Among Colorado Republicans, Congresswoman-elect Lauren Boebert has emerged as the most ardent and outspoken advocate of President Donald Trump’s unproven claims of widespread election fraud.
At a time when congressional Republicans from Colorado are shying away and remaining mum on election results — neither acknowledging President-elect Joe Biden’s victory nor endorsing Trump’s accusations — Boebert has unabashedly claimed that America’s presidential election was fraudulent.
“There is no way that anyone can call the 2020 presidential election fair. We have to make this right,” Boebert told her massive social media following Sunday.
During a brief interview Monday afternoon, conducted during a break in Boebert’s freshman orientation, the congresswoman-elect was asked whether she is convinced Trump beat Biden. She stopped short of making that claim.
“This is a contested election. I’m convinced that President Trump should not stop fighting to prove the results to be fair and just and legal,” she replied.
“This isn’t a radical position to take, to question whether all legal votes are accounted for, and we should always want that. So, I think we should be going through every measure possible to make sure that we get there,” she added.
Boebert, a 33-year-old Rifle Republican, will take office in early January and represent much of Colorado’s western half, along with large swaths of southern Colorado. She defeated Diane Mitsch Bush, a Democrat, by about 27,000 votes, or 6 percentage points. Boebert says her own election was fair and accurate.
“I said from the onset that Colorado has a better history of mail-in security. You could recount my election results all day long and I’d win,” she said. “But I think it’s fair game to allow the president to exhaust his legal means to challenge election results, especially when you consider he performed at historic levels.”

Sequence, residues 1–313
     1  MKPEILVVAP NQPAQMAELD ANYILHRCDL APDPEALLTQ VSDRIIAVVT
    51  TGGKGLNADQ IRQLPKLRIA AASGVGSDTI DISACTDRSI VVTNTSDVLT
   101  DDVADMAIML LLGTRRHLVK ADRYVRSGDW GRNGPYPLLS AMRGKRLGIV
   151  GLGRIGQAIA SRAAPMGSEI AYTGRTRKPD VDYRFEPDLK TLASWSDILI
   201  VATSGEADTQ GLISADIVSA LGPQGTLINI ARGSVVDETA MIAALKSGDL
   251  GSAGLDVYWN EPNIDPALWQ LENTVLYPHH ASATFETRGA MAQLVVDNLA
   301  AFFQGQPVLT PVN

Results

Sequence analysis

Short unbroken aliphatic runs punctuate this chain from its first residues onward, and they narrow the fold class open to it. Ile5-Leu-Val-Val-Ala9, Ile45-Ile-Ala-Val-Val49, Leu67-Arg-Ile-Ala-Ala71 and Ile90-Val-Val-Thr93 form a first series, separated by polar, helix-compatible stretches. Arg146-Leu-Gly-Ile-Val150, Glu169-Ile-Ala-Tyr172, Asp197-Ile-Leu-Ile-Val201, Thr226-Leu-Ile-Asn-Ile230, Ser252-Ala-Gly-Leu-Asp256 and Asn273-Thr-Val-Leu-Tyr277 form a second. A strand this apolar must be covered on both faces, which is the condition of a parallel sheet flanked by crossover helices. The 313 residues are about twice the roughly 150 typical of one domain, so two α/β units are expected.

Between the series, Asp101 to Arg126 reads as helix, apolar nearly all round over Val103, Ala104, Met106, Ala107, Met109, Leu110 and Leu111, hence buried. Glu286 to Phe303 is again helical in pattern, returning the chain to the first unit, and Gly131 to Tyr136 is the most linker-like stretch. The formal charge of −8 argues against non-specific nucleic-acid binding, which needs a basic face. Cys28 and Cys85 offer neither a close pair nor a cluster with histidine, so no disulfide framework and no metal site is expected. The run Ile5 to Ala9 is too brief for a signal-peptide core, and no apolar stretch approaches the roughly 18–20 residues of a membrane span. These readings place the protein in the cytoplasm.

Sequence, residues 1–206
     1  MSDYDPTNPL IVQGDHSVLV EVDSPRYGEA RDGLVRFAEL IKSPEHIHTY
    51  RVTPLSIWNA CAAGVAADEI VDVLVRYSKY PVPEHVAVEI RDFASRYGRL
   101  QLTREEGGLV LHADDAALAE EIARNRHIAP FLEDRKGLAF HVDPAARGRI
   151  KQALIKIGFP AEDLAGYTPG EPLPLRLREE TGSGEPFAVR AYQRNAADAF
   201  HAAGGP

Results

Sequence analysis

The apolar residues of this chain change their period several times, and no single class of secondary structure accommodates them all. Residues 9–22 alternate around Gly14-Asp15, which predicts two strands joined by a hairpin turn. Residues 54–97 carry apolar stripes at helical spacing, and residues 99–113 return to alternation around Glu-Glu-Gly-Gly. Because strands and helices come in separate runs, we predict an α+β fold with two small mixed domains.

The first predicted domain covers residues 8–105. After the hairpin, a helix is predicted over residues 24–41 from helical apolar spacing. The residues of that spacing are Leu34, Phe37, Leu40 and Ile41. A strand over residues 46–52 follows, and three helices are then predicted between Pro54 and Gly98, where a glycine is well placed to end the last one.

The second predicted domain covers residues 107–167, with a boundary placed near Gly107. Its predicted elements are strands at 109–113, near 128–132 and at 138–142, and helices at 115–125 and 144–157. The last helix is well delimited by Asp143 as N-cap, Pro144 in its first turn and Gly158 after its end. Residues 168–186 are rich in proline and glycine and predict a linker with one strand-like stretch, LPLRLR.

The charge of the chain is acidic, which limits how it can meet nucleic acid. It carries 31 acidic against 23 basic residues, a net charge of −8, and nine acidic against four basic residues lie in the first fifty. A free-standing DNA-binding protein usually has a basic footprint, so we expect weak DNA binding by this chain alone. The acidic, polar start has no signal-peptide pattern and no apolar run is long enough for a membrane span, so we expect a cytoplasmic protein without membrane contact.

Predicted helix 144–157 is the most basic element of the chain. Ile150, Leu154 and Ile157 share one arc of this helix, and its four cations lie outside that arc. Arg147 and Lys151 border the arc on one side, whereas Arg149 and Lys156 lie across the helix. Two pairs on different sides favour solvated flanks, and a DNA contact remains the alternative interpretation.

On Saturday and again Monday, Boebert claimed it was “fake news” that Joe Biden received more votes than former President Barack Obama received in 2008, echoing a popular theory among Trump supporters. But Biden did, because there were 25 million more eligible voters this year than in 2008, and because turnout was higher this year than in 2008 — or in any other election in the past century.
On Monday, Boebert also questioned how Biden could have received a record 80 million votes — she refers to them as “his alleged 80 million votes” — in a year when Republicans gained seats in the U.S. House. But House results do not always mirror presidential results; Republicans won the presidency in 2000 and 2016, but Democrats gained congressional seats those years, for example.
Trump, meanwhile, has failed to provide evidence of widespread voter fraud, losing repeatedly in courts across the country. Election officials from both major political parties have certified election results in nearly all key battleground states and the Electoral College is scheduled to certify Biden’s victory in two weeks, on Dec. 14.
David Pourshoushtari, a spokesman for the Colorado Democratic Party, accused Boebert of peddling conspiracy theories and said she should instead focus on crafting legislation for the next Congress.
“It’s an embarrassment and a disservice to the people of Congressional District 3,” he said of her election fraud claims.
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